A Neolithic long barrow is visible as earthworks and a pair of upstanding stones on aerial photographs. The site is centred on SO 9649 0659 and comprises an oval mound which measures 48.0m long, and 28.0m wide across the centre, at which point it has been almost flattened; it attains a height of about 0.5m at the east. The longer axis of the mound is oriented ENE-WSW, and it is surrounded by a circa 2 metre wide raised strip, likely to be the result of plough damage. The pair of capstones are clearly visible on aerial photographs, and their dimensions compare with those given by authority 6 above (7).
( 1) Ordnance Survey Map (Scale / Date) OS 6" 1960
( 2) by Glyn E Daniel 1950 The prehistoric chamber tombs of England and Wales Page(s)221
( 3) Transactions of the Bristol and Gloucestershire Archaeological Society 1960 (O'Neill and Grinsell) 79 Page(s)77
( 4) Aerial photograph RAF 541/17 4091-2, 14-MAY-1948
( 5) Ordnance Survey Map (Scale / Date) OS 25" 1919
( 6a) Oral information, correspondence (not archived) or staff comments
( 6) Field Investigators Comments F1 JWS 08-OCT-77
( 7) Scheduled Monument Notificationn 20-Aug-1998
( 8) Oblique aerial photograph reference number NMR SO 9606/6 NMR 23685/07 18-OCT-2004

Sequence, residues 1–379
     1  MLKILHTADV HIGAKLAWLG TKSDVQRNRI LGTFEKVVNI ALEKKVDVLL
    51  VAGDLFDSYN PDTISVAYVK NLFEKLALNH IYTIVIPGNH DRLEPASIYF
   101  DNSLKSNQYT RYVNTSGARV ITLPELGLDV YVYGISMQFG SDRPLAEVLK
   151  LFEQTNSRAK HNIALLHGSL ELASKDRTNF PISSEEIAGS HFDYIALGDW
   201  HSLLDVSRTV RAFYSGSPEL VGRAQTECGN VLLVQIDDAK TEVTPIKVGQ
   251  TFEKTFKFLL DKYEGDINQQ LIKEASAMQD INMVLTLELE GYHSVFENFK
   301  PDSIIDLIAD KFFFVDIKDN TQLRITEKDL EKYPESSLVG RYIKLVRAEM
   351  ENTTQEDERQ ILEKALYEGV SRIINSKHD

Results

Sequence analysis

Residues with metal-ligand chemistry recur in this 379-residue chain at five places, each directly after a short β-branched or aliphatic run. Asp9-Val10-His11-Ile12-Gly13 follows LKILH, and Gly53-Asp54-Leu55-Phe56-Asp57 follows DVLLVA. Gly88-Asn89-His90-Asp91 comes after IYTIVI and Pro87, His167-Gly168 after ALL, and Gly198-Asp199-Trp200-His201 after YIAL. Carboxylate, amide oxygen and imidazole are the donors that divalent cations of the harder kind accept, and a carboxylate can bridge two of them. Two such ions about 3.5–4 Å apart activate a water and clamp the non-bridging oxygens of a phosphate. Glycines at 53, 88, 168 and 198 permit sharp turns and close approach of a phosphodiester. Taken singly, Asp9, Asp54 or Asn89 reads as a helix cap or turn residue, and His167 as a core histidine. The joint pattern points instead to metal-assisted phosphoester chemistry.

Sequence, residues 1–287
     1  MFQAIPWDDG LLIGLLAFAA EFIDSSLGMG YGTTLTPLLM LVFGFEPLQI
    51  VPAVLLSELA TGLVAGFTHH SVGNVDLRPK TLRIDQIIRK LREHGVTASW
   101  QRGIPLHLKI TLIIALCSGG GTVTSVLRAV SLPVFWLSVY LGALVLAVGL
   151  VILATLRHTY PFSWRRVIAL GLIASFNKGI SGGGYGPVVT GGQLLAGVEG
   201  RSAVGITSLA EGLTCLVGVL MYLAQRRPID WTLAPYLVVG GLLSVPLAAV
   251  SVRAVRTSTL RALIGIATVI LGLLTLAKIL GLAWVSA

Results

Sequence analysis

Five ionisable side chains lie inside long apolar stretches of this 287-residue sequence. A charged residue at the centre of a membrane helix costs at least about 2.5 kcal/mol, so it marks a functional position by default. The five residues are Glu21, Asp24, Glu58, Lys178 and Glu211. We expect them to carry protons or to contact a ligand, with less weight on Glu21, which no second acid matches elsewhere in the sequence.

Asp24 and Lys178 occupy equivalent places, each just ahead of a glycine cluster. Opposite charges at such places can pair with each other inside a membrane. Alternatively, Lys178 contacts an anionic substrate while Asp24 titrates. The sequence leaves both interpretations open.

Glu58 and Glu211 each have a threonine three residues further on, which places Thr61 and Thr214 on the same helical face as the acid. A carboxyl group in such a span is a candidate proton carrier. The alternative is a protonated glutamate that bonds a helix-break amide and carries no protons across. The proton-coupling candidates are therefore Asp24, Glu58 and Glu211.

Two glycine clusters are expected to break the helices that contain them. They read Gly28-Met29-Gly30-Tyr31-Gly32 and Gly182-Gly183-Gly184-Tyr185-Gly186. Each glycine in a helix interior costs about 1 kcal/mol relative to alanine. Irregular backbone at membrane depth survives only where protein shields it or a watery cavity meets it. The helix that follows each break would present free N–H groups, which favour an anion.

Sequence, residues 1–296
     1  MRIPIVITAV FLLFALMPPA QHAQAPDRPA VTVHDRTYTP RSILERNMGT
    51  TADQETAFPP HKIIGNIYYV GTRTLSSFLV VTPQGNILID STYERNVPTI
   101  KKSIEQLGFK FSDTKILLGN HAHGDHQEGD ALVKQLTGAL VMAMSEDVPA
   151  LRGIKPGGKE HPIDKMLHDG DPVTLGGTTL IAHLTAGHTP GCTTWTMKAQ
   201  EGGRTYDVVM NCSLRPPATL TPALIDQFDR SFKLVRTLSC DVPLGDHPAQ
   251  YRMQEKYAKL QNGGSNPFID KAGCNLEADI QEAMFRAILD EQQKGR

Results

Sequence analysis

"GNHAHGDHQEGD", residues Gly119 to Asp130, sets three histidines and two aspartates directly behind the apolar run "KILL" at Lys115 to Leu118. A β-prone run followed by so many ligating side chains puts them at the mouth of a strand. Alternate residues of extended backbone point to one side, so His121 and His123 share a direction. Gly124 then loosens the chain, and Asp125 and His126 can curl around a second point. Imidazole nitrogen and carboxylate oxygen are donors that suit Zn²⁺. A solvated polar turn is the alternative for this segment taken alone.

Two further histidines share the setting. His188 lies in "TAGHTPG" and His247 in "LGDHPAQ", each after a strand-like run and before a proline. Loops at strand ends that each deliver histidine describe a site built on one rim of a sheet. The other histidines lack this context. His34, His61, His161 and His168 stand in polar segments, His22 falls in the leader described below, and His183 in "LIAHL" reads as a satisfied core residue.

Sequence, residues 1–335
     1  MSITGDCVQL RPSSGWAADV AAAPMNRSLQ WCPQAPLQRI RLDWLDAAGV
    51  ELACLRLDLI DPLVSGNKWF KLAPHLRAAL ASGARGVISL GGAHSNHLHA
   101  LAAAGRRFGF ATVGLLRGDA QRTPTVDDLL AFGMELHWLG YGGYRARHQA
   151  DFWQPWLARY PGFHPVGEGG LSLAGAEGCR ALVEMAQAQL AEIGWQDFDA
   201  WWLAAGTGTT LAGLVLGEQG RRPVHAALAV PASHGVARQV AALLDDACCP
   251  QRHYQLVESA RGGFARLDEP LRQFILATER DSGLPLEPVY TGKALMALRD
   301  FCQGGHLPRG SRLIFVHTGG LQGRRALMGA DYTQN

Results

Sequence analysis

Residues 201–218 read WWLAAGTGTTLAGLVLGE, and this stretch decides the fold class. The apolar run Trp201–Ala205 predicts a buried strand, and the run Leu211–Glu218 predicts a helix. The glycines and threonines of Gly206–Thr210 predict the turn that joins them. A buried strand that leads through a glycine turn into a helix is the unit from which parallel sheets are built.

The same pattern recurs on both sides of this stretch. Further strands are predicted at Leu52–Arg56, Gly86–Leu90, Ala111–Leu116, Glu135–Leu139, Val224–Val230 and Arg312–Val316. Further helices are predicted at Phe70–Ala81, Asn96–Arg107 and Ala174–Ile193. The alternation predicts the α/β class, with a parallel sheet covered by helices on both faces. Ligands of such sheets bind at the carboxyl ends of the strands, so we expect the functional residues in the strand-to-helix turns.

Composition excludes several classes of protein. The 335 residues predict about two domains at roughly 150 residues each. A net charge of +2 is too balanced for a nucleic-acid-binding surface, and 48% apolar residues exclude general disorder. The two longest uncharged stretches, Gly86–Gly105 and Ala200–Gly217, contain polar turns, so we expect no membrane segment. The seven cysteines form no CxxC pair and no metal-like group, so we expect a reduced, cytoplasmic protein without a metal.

If you're in the area, you might be interested in following this up, which I saw mentioned in an article on 'Gloucestershire Barrows' in the 1989 volume of the Trans Brist Glouc Arch Soc...
Just 'round the corner' from the Hoar Stone was the Jack Barrow - at SO957071, judging by its position on the map at old-maps.co.uk - on the land of Jackbarrow farm, in fact.
The barrow was destroyed/excavated in Victorian times - but the excavators "considerately" took the bones and reinterred them at the church in nearby Duntisbourne Abbots (at SO971078), popping a nice stone cross on top. I suppose their hearts were in the right place.
The NMR (available via the MAGIC web site) describes the site:
The monument includes a long barrow situated on a south east facing slope below the crest of a wide spur. The long barrow is orientated east-west but has been rounded by cultivation. The mound is 48m long and has a maximum width, at the centre, of 28m. It reaches a maximum height of 0.8m in the part that is no longer under cultivation but elsewhere survives as a slight rise approximately 0.3m high. Set into the east end of the mound is a large, lozenge shaped stone, known locally as the Hoar Stone. To the south of the centre of the mound is a large, kite shaped, capstone which covers a chamber. This was excavated in 1806 by Anthony Preston and is reported to have been divided into two segments and to have contained the remains of eight or nine skeletons. Although no longer visible on the surface, quarry ditches will flank either side of the mound and will survive as buried features 3m wide.
On her web site Celia Hadon recommends a visit during the Autumn or Winter when the field is not full of crops.